SAA-SAL From Belgium, joined Nov 2000, 356 posts, RR: 3 Posted (11 years 10 months 1 week 5 days 10 hours ago) and read 5241 times:
This has already happened twice to me : In March I wanted to buy a single ticket between Geneva and Madrid on Swiss. This ticket was priced at approx 1000 Euros. I then went to a travel agent who bought me a return ticket on this route for less than 300 Euros including commission. Now I wish to travel between Nice and Madrid with single tickets varying between 700 and 900 Euros. The return tickets cost about 350 Euros. My question is why does a single ticket cost me more than a return. The airline is actually being payed more to offer less! This goes for any day of the week , be it a Saturday or a Tuesday. What is the economical logic behind this for airlines?
LanPeru From Peru, joined Jun 2001, 645 posts, RR: 9
Reply 3, posted (11 years 10 months 1 week 5 days ago) and read 5088 times:
My guess is that with a roundtrip ticket you have a guaranteed revenue on both flight regardless if you decide to return or not. The one-way is only playing for one flight so the airline has to make as much revenue from that flight possible.
LMML 14/32 From Malta, joined Jan 2001, 2565 posts, RR: 6
Reply 4, posted (11 years 10 months 1 week 4 days 23 hours ago) and read 5069 times:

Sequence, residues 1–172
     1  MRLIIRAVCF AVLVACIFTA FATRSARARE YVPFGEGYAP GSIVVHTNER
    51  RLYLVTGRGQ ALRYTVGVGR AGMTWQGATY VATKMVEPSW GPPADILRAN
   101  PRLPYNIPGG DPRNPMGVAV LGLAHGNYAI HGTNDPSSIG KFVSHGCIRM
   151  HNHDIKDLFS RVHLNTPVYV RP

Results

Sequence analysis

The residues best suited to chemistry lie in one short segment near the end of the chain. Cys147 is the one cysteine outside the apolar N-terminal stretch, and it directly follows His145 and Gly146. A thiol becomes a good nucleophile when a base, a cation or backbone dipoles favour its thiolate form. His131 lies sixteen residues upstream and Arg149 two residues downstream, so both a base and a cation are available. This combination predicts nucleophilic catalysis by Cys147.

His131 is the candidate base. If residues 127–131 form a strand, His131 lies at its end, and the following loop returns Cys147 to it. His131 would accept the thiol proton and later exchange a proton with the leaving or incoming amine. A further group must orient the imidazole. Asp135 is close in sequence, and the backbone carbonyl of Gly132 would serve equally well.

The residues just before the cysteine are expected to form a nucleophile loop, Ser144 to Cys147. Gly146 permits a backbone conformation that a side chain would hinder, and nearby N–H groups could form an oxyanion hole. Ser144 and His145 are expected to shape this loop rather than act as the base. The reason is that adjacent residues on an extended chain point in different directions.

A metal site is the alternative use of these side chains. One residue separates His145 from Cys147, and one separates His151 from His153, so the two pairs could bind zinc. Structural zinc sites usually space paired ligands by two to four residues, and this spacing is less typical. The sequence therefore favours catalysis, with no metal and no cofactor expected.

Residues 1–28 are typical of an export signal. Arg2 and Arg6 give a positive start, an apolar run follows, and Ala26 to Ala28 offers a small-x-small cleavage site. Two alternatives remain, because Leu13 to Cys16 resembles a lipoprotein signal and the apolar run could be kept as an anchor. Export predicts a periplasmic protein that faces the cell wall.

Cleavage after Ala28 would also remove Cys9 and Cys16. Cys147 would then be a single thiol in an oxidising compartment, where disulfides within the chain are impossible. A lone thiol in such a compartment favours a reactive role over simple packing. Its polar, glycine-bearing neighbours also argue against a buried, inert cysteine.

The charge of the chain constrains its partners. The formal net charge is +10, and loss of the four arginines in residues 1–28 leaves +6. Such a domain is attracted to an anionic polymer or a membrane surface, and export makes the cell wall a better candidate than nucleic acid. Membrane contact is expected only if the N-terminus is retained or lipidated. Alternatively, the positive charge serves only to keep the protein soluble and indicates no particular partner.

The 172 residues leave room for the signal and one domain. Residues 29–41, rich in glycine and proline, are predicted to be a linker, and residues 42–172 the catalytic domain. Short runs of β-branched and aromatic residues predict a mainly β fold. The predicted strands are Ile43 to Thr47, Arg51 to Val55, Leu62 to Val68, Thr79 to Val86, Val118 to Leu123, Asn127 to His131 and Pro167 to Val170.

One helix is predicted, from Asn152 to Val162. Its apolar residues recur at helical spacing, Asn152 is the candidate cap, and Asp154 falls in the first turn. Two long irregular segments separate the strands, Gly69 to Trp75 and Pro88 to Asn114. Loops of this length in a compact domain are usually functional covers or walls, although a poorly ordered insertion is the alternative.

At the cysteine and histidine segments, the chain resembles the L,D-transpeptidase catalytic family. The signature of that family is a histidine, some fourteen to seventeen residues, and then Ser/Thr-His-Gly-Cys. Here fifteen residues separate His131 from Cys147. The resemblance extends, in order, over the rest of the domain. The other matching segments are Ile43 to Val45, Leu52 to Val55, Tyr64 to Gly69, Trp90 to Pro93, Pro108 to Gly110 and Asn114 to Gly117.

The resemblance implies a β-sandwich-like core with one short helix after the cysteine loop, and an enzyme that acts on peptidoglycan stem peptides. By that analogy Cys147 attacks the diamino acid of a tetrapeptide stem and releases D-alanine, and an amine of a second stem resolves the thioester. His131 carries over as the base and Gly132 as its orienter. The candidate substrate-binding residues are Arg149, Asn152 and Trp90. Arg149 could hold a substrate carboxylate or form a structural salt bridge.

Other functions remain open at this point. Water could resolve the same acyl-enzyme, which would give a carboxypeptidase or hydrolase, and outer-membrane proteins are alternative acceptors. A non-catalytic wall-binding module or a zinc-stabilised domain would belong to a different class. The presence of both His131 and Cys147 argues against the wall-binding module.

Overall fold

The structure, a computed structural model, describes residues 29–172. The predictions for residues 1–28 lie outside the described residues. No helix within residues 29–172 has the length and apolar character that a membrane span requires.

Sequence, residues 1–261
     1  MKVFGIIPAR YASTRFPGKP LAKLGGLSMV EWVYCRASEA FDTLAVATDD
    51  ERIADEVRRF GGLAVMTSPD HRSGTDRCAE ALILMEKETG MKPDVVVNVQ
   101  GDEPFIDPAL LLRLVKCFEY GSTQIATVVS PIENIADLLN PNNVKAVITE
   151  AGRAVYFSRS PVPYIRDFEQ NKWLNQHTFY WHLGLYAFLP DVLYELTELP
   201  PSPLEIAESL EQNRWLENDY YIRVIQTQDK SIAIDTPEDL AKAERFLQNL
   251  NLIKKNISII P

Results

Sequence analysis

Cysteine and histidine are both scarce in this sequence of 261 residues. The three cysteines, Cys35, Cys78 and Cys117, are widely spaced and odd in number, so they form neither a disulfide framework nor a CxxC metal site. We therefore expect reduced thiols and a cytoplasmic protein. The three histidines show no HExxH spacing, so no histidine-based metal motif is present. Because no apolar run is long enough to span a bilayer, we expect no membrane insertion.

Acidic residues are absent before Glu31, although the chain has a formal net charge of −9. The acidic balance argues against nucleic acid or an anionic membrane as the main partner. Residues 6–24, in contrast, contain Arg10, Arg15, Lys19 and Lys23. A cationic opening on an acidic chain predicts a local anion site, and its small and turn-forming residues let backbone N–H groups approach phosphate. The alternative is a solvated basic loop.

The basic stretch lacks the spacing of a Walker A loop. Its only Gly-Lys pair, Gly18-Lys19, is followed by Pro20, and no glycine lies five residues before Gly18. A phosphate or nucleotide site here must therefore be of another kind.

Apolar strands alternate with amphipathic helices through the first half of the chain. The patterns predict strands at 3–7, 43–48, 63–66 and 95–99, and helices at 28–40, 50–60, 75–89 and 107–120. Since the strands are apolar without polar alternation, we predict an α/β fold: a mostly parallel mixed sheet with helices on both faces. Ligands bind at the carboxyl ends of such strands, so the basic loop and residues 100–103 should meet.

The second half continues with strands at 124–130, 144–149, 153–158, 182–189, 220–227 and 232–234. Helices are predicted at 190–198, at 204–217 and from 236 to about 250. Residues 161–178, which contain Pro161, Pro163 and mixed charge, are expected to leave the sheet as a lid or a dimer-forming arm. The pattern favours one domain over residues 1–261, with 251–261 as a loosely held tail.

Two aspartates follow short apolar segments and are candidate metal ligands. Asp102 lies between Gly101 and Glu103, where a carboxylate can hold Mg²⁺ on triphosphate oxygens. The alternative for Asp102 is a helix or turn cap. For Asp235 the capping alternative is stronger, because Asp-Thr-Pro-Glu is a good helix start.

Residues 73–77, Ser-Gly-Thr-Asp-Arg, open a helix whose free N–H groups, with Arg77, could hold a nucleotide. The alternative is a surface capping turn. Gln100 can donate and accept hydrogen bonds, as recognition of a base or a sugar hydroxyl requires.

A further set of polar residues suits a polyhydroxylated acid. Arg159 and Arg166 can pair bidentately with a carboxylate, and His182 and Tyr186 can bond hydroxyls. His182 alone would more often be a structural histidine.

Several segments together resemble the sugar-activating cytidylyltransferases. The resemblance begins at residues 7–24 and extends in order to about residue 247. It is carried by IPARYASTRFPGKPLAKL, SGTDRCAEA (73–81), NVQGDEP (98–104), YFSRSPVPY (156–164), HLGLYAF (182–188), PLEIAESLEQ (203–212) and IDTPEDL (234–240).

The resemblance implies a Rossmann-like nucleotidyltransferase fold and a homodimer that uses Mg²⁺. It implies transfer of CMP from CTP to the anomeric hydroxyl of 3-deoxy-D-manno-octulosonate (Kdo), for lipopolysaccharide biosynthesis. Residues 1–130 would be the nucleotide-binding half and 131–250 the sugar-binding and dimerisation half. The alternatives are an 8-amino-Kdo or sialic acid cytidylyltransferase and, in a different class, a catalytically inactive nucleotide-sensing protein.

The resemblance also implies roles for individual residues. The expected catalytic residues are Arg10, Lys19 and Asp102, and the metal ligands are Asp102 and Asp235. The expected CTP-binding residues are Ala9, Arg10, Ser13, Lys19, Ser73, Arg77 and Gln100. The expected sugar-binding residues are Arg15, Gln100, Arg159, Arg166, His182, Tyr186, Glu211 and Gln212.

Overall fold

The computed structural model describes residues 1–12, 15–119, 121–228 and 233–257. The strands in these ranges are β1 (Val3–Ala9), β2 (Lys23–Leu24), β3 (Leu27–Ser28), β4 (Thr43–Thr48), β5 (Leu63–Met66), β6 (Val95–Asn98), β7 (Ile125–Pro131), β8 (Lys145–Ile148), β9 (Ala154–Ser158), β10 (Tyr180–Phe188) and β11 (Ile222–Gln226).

...it's mostly businessmen who fly one-way...
On the contrary, businessmen want to return to their office as soon as possible. That is why they are actualy made to pay for the business class fare. Most cheaper restrictive fares are for a duration of 3 days or more. The longer the minimum stay the cheaper the ticket. A businessman who cannot afford to stay away for the office cannot use this fare and has to buy a business class ticket - hence the name!
Like Aloges said, a one way Y fare is half the full return Y fare, which in Europe equates (on most airlines) the Business class fare. There are some limited discounts on Business class fares these days. AirMalta calls it D class. All the other Economy fare designations MLHVBQTG are the restrictive but cheaper return fares in a descending order.
ZSSNC From Germany, joined Feb 2003, 428 posts, RR: 8
Reply 5, posted (11 years 10 months 1 week 4 days 23 hours ago) and read 5064 times:
while in Europe it might be generally true that all oneway-tickets cost the normal Y-fare (but then again, think of DI and all the others) it is certainly not true for other continents where even major carriers offer reduced oneway fares (e.g. KA7 in South Africa) and then again there are even countries where domestic fares are always oneway fares and no roundtrip fares are offered at all.
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Swissgabe From Switzerland, joined Jan 2000, 5266 posts, RR: 32
Reply 6, posted (11 years 10 months 1 week 4 days 22 hours ago) and read 5032 times:
Well, most airlines charge on their grey-market fares around 70% or the return fare.
For me the reason is very simple. I mean if you find 100 people flying from A to B and return it is much easier then finding when you find 100 people flying from A to B only. So you have to find another 100 people flying from B to A only.
As per the IATA published fare, the ow fare is half of the return fare.
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